Certainly, in this attitude of conversion to the will of the Father and, atthe same time, of repentance and absolute trust in the reconciling power of thetruth which is Christ, we will find the strength needed to bring to asuccessful conclusion the long and arduous pilgrimage of ecumenism. The"dialogue of conversion" with the Father on the part of eachCommunity, with the full acceptance of all that it demands, is the basis offraternal relations which will be something more than a mere cordialunderstanding or external sociability. The bonds of fraternal koinoniamust be forged before God and in Christ Jesus.
Only the act of placing ourselves before God can offer a solid basis forthat conversion of individual Christians and for that constant reform of theChurch, insofar as she is also a human and earthly institution,136which represent the preconditions for all ecumenical commitment. One of thefirst steps in ecumenical dialogue is the effort to draw the ChristianCommunities into this completely interior spiritual space in which Christ, bythe power of the Spirit, leads them all, without exception, to examinethemselves before the Father and to ask themselves whether they have beenfaithful to his plan for the Church.
83 I have mentioned the will of the Father and thespiritual space in which each community hears the call to overcome theobstacles to unity. All Christian Communities know that, thanks to the powergiven by the Spirit, obeying that will and overcoming those obstacles are notbeyond their reach. All of them in fact have martyrs for the Christianfaith.137 Despite the tragedy of our divisions, these brothers andsisters have preserved an attachment to Christ and to the Father so radical andabsolute as to lead even to the shedding of blood. But is not this sameattachment at the heart of what I have called a "dialogue ofconversion"? Is it not precisely this dialogue which clearly shows theneed for an ever more profound experience of the truth if full communion is tobe attained?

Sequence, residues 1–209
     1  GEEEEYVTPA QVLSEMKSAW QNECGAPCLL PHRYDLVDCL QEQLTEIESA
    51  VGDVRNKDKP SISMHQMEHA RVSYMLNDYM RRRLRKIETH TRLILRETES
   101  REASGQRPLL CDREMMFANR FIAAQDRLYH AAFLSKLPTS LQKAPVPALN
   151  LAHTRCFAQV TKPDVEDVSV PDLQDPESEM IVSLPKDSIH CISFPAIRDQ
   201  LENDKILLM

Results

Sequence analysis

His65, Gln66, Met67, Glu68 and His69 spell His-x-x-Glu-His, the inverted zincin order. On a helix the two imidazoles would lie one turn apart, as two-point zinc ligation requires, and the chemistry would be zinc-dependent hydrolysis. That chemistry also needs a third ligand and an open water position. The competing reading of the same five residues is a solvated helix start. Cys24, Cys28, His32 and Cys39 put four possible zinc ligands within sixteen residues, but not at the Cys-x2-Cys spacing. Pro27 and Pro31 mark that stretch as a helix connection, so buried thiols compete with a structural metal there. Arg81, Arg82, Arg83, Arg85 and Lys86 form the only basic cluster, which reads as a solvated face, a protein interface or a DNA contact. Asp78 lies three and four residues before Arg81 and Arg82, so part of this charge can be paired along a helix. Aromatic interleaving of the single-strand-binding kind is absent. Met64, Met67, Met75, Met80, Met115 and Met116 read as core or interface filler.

84 In a theocentric vision, we Christians already have acommon Martyrology. This also includes the martyrs of our own century,more numerous than one might think, and it shows how, at a profound level, Godpreserves communion among the baptized in the supreme demand of faith, manifestedin the sacrifice of life itself.138 The fact that one can die for thefaith shows that other demands of the faith can also be met. I have alreadyremarked, and with deep joy, how an imperfect but real communion is preservedand is growing at many levels of ecclesial life. I now add that this communionis already perfect in what we all consider the highest point of the life ofgrace, martyria unto death, the truest communion possible with Christwho shed his Blood, and by that sacrifice brings near those who once were faroff (cf. Eph Ep 2,13).
While for all Christian communities the martyrs are the proof of the powerof grace, they are not the only ones to bear witness to that power. Albeit inan invisible way, the communion between our Communities, even if stillincomplete, is truly and solidly grounded in the full communion of theSaintsmthose who, at the end of a life faithful to grace, are in communion withChrist in glory. These Saints come from all the Churches and EcclesialCommunities which gave them entrance into the communion of salvation.